Anyone who knows anything about Emily Dickinson (1830-1886) knows she led a circumspect life. Her passions were banked, her circle small, and her relationships few. For years, she was often the only female in anthologies of American literature, and she still reigns supreme among her sisters and brothers in the canon.
Terence Davies brought "Sunset Song" to film with quiet passion. He manages to wring only dullness out of Dickinson's life with his script and direction. He begins at Mt. Holyoke where Dickinson flouted "acute evangelism" by refusing to be "come to God." Her sister Lavinia, her brother Austin, and her father Edward saved her from that. Her father agreed to let her write in the night, something no proper lady should desire or deliver.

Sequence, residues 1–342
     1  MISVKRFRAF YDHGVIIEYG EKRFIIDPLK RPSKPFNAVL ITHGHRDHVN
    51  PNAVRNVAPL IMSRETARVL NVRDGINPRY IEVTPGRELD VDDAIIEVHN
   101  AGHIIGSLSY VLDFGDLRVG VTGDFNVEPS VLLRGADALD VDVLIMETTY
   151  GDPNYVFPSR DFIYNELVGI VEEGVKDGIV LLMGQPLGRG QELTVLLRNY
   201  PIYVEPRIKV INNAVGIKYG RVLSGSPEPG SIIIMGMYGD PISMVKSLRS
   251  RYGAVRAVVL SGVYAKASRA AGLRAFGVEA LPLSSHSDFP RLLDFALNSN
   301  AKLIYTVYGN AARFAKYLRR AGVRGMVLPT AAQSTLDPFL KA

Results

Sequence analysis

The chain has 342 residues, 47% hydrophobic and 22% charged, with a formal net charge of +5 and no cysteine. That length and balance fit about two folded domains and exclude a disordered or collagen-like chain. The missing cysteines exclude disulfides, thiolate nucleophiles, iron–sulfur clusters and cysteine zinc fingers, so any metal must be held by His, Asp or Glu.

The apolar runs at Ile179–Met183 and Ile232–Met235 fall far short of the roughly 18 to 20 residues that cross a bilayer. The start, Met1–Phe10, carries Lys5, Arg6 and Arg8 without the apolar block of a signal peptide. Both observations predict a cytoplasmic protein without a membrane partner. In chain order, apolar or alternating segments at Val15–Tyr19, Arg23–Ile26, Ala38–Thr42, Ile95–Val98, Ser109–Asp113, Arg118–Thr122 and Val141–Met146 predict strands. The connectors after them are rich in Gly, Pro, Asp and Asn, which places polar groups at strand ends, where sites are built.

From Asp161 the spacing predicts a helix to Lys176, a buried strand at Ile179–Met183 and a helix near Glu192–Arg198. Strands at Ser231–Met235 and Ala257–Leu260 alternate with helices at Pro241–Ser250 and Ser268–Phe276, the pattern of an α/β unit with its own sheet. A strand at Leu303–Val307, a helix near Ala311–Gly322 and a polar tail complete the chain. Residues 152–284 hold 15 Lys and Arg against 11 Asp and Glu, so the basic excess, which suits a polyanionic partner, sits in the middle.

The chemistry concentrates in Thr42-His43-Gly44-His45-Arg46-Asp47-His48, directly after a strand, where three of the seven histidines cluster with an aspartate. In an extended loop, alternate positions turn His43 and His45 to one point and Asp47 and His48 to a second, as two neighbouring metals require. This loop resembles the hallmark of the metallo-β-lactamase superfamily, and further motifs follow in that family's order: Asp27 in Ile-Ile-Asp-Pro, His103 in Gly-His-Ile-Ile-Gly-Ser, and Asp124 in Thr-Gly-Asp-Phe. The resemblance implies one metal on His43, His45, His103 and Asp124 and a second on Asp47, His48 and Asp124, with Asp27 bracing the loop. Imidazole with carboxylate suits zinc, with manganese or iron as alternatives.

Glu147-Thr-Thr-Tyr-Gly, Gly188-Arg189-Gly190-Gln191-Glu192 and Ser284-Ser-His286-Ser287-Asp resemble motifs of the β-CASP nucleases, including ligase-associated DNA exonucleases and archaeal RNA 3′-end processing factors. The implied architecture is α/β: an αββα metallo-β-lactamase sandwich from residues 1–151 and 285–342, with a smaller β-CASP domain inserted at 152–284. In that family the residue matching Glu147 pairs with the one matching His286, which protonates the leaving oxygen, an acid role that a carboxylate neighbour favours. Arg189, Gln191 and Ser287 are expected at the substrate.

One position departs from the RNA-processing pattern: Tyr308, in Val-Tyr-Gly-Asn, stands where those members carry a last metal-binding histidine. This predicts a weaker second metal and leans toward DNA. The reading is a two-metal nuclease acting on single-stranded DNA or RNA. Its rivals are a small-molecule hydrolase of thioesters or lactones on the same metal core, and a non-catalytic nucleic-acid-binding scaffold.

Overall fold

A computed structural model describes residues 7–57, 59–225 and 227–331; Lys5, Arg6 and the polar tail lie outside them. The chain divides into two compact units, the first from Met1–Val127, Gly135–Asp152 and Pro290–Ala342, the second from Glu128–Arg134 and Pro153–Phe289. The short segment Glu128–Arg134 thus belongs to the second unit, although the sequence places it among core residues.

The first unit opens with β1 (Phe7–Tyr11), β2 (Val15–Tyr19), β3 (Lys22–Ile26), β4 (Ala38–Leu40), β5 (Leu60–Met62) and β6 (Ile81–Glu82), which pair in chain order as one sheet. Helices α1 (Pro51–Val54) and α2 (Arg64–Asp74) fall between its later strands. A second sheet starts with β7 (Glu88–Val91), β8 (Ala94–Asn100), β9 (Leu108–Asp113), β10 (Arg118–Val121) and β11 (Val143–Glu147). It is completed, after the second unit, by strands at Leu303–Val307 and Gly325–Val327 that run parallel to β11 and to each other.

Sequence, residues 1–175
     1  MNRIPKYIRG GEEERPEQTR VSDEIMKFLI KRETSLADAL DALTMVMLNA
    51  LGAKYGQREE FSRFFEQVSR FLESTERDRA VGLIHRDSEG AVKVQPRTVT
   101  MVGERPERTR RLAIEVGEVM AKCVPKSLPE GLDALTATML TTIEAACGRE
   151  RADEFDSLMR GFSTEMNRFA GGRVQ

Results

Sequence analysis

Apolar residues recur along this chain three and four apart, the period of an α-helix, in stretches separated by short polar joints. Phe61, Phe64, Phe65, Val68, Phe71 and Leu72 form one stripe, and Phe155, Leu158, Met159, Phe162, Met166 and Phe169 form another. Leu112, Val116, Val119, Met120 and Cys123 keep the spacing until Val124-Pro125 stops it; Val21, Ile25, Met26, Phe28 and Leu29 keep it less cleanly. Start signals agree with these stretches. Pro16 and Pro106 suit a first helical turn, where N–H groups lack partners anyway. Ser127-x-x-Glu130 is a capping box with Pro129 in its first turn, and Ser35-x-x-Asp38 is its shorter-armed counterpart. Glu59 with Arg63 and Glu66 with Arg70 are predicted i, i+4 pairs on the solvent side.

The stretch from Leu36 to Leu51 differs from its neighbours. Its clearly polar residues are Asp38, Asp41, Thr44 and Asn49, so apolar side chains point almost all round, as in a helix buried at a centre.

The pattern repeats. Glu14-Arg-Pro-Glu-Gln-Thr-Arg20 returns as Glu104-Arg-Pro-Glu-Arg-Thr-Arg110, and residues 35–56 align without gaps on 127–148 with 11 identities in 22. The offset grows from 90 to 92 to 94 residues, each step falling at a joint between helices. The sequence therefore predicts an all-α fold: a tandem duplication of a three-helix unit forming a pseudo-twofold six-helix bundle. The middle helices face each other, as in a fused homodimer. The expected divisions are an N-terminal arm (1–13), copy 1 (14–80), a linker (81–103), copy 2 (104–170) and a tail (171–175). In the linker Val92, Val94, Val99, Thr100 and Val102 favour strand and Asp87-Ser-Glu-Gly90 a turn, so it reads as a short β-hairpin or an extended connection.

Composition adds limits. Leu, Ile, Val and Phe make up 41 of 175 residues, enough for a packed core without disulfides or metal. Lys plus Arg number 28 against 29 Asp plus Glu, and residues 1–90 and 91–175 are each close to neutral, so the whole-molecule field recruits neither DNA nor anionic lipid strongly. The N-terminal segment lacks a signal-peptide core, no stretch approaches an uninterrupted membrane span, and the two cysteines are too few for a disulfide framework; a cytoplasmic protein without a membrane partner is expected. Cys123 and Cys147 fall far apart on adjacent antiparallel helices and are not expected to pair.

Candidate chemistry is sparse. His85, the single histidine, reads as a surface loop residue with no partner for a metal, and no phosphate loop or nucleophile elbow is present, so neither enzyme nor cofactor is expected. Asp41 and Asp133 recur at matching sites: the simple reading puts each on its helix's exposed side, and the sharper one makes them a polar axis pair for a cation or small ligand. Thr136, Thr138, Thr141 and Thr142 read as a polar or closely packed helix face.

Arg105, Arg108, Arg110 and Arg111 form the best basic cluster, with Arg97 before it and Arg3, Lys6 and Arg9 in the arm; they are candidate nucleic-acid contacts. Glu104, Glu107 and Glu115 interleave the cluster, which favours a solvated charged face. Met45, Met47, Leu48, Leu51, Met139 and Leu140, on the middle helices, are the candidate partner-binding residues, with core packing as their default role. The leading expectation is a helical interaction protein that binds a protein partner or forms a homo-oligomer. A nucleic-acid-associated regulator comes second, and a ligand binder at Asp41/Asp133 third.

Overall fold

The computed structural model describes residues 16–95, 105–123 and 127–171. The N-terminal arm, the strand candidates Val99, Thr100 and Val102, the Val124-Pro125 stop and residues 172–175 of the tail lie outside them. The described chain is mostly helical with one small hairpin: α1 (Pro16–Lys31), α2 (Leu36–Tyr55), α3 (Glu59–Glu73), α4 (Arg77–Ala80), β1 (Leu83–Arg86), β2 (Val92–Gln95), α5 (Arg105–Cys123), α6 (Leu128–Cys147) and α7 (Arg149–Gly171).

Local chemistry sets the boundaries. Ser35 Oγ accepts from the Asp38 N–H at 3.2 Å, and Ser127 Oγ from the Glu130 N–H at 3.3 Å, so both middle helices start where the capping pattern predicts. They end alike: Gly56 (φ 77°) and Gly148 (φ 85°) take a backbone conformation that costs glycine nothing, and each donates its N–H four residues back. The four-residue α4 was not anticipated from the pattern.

This biopic traces Dickinson's life of writing alongside her dismay at her brother's infidelity and her grief at her father's death. She is seen wracked with coughs and pain and palsy until her death.
She is not seen as real, however, despite Cynthia Nixon's effort to render her in flesh and blood as an adult. Jennifer Ehle plays Vinnie with more passion, but Duncan Duff is almost risible as Austin. Keith Carradine plays Father with appropriate arrogance.
Davies chose to insinuate Nixon declaiming lines from Dickinson's poetry in voice-over at the oddest moments, sort of like ditties in a mediocre musical. At one point, she quotes "I Am Nobody" to her newborn nephew. Despite one radiant scene of Emily before sun-shined windows, there are stillborn pauses. None of these moments would bring anyone to appreciate Dickinson's passionate poetry.
Because I could not stop for this, / the film limply streamed for me. / I admit to fast-forwarding, / because it ran an eternity.